Headphones can do more than just drown out your coworkers. A study involving active practice and background exposure shows that listening to material related to a task, or just being around it, can improve your skills at that task.
Image via vieux bandit.
The finding comes from a paper in the Journal of Neuroscience, in which a large group was asked to practise a "difficult auditory discrimination task" 360 times per day. After that initial training in the task, the group was split into three sections. One group continued to regularly focus and perform the task, another was asked to do another task but provided with background audio that related to the auditory discrimination, and another group was given an unrelated task and no related audio.
As you might have guessed, the third group performed the worst in a subsequent re-test. But the results were surprising among the other two. The research suggests that practising the assigned task, then switching to another task while keeping a lower-level exposure to the initial task, may have as many benefits as plugging away in pure practice. Wired Science relates it to our favourite memories of childhood music lessons:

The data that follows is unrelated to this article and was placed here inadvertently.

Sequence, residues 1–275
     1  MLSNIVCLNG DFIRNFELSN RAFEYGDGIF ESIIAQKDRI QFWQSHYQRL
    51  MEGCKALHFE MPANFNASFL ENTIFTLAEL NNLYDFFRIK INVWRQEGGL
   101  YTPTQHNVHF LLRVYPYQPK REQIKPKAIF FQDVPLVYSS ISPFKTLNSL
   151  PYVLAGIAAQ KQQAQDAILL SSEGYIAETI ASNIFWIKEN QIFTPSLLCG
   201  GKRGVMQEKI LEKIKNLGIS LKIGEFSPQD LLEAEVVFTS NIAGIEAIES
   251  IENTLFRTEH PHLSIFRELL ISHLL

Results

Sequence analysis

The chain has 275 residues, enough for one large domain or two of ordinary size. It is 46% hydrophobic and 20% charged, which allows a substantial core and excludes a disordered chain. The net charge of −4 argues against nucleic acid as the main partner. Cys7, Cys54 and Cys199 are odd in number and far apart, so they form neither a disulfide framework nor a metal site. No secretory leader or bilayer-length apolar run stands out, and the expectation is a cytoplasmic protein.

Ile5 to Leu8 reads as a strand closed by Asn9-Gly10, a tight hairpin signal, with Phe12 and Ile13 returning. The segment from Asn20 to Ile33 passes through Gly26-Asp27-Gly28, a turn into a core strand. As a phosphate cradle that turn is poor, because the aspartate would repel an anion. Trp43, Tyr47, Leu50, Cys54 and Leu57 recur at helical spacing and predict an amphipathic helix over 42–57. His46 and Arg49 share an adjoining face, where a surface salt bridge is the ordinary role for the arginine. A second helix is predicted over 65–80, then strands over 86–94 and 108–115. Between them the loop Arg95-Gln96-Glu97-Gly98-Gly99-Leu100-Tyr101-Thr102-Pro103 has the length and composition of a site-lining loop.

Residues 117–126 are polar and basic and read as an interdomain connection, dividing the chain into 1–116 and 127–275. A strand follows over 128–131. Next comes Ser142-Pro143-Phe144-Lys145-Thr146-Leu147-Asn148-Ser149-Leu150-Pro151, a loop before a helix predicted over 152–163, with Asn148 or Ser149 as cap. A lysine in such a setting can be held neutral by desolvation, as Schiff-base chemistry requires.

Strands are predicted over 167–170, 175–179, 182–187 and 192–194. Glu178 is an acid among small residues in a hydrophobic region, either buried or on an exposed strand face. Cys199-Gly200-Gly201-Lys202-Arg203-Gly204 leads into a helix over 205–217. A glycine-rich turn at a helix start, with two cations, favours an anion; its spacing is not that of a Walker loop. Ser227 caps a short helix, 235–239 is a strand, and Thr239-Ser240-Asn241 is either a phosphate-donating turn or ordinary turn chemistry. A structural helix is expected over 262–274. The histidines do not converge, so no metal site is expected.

Although we currently assume that the only way to improve is to constantly practice – in technical speak, the act of practicing provides a "permissive signal" that allows the accompanying stimulation to "drive learning" – this research demonstrates that we can also improve through mere exposure. Furthermore, our obsession with practice comes with serious drawbacks, since the tedium of practice can prove discouraging for beginners. And so we quit the piano and give up on our reading lessons, because we can't stand the training regimen.
Intriguing stuff, and good reason to consider investing in a good pair of headphones.
How Much Should We Practice? [Wired Science]